July: A nation starved of sport after last year’s Olympics and Paralympics eagerly awaits the Bit-Rubbish-At-Games Games, staged this month. Entrants must produce a signed certificate from their former PE teacher that they always got picked last, and turned up at the gym at least three times with a note from their Mum.

Unkindly dubbed The Fat Folks’ Olympics by the media, public opinion turns with the heartwarming story of Bubba, a twenty stone thirty-year-old who always wanted to be a sprinter. He is beaten into second place in the 100m final, but the winner, Derek, is stripped of his gold medal after video phone footage shows him snapping a wet towel at the other finalists’ backsides in the showers after the race.

August: Edinburgh’s Festival Fringe is hit by an severe outbreak of norovirus. Stand up comedians turn out to be particularly vulnerable to it. As the big venues stand empty, desperate promoters drag in experimental theatre groups, and even poets, to try to recoup some of their losses.

By the time the comedians recover, their audiences have turned against them. Heckles of ‘shallow and jejune!’ and ‘where’s your Kierkegaard references?’ are common. Michael McIntyre is reduced to tears by a shout of ‘I paid to see cutting edge Japanese Noh theatre, not this bland pish!’

September: A retired Fife miner reveals that he has a gateway to the multiverse in a shed at the bottom of his garden. He has known about it for three years.

‘I didnae think anyone else would be interested, like,’ he is quoted as saying. ‘I had a look at my parallel existences, but it was aw fancy food and foreign travel. I’d rather stay here and make sure the pigeons are looked after.’

Within days, the local council has closed the portal down on health and safety grounds. ‘We haven’t managed to get P.I. insurance for disruption to the space/time continuum,’ a spokesperson confirms.

Both sides of the independence debate … you know the rest.

October: World-wide shortages of key foodstuffs are felt most keenly in the more affluent areas of Western cities, where delicatessens run out of sun-dried tomatoes and balsamic vinegar altogether. In Edinburgh’s Morningside district, a disagreement over the last jar of quince jelly leads to rioting which quickly spreads as far as Merchiston. In London, a protest march through Kensington and Chelsea features chants of: ‘What do we want? Wholewheat focaccia! When do we want it…’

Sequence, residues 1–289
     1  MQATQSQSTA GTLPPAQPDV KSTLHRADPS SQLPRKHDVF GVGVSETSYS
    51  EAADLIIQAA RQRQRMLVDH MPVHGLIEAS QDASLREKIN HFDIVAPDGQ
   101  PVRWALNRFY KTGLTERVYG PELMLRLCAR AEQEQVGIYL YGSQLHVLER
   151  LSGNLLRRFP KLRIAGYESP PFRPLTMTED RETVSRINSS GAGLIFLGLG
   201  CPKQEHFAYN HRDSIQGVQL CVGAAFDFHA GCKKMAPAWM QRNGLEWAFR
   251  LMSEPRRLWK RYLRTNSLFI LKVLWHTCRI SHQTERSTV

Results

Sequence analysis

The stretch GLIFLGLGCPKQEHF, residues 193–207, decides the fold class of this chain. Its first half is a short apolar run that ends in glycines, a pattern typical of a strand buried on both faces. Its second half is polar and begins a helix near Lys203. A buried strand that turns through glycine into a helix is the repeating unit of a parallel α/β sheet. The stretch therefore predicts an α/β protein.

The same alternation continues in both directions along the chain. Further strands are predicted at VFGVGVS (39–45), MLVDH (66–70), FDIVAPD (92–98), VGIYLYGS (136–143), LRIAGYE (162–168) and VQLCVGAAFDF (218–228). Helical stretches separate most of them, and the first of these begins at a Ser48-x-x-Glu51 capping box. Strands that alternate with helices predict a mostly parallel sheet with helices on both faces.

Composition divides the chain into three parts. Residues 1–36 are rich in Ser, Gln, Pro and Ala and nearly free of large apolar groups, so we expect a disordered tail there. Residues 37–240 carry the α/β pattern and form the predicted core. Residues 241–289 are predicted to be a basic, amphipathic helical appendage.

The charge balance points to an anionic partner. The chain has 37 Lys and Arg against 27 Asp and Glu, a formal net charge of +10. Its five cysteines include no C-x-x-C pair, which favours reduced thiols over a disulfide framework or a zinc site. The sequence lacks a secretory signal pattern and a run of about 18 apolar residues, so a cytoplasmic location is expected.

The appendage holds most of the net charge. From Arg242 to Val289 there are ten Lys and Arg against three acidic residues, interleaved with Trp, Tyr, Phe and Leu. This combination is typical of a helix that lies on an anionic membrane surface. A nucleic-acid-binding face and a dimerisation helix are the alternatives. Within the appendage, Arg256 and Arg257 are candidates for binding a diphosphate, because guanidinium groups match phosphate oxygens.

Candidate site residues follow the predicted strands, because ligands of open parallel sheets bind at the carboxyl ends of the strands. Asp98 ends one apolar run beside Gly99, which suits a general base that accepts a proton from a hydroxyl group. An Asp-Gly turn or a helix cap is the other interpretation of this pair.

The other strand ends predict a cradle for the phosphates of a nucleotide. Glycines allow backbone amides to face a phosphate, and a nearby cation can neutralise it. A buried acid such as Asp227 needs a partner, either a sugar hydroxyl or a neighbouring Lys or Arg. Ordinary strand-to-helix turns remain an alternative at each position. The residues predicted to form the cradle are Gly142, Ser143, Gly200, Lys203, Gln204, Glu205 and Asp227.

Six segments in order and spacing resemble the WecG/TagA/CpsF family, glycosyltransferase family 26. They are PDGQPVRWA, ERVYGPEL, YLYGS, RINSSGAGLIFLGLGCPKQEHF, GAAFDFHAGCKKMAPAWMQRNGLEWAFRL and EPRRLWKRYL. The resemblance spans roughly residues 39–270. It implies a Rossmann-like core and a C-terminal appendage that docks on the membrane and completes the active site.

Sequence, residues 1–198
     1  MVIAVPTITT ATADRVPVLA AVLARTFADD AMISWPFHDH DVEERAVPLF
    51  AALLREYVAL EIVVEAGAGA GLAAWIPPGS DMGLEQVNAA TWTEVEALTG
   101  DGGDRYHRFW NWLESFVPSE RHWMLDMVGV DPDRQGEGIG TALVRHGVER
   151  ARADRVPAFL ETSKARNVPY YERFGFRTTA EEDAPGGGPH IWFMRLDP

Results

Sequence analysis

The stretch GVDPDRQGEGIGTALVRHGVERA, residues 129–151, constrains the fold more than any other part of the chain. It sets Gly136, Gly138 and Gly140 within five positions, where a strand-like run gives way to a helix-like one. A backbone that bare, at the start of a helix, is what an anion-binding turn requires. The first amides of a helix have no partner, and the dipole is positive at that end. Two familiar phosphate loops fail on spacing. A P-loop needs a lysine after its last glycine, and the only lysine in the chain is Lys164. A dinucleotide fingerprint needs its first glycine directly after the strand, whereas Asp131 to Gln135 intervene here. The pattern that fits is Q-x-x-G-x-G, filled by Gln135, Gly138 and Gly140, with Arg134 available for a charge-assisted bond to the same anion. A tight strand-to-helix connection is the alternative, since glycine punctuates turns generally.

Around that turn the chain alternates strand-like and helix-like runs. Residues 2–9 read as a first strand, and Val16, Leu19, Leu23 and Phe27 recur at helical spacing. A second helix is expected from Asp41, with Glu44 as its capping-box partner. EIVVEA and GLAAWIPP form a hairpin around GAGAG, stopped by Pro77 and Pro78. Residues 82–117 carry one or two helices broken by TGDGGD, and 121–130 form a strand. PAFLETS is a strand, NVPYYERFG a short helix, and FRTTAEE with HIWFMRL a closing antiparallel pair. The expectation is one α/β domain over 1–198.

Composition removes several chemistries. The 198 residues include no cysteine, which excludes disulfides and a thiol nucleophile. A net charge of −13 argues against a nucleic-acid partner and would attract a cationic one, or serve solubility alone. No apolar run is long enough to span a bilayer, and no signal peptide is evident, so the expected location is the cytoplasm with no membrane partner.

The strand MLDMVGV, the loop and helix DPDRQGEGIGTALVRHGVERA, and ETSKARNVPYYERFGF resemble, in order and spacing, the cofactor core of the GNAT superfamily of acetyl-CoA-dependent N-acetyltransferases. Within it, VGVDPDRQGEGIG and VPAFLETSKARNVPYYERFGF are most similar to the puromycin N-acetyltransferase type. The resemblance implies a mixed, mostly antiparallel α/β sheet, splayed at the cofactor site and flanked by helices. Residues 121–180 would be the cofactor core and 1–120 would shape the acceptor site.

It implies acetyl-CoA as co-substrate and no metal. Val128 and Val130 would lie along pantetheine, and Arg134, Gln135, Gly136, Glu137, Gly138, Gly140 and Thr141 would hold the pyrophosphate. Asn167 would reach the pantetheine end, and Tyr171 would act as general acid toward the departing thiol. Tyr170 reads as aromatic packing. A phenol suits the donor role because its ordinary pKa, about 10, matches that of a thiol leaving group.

November: Elvis Presley makes his first public appearance since his discovery in an Amish community in Eckhart County, Indiana. The sprightly 78-year-old recounts how the hamburger overdose of a lookalike fan gave him the chance to fake his own death, leaving his Cadillac at the State line and walking to his new life of farming and occasional barn raising.

Presley tells of how he was nearly discovered in 1984 when Harrison Ford came to research his role for the film Witness, but got away with it, by mumbling a few words of German picked up while he was in the Army.

Plans for a comeback tour are delayed while the King has both hips replaced. In the meantime, he confirms that he has not, at any time, worked in a chip shop.

December: As the year draws to a close, the skies are full of strange portents. A flock of Gloucester Old Spot are sighted in close formation over Huddersfield. In Scotland, both sides of the independence debate admit the other lot actually have some pretty valid points, and it’s really just up to whatever everyone thinks, actually.

Katie Price stuns the literary world by announcing she has written her latest book herself. Indeed, the slim volume of poetry, Joined Up Writing In A Particular Order, is acclaimed by critics. The Times Literary Supplement calls it ‘magisterial … the sweep and ambition of pieces like ‘Dark Roots, Blonde Highlights,’ is simply dazzling.’ Carol Ann Duffy describes it as ‘Sylvia Plath on helium.’

Other Christmas stocking fillers include a new Mayan calendar, featuring scenes from their new planet orbiting Alpha Centauri; a range of Amish-made Gibson guitars; and, of course, facsimile copies of the Royal Baby’s first nappy.

World hunger is solved, after science fiction writer and maths genius Hannu Rajaniemi does some really hard sums. Cease fires are declared in conflicts around the world as the global chorizo shortage gives way to one of bullets. The faces of Jesus and Mohammed smiling at each other appear on pizzas simultaneously in seventeen different countries.

Then 2014 dawns, and things start to get a whole lot weirder.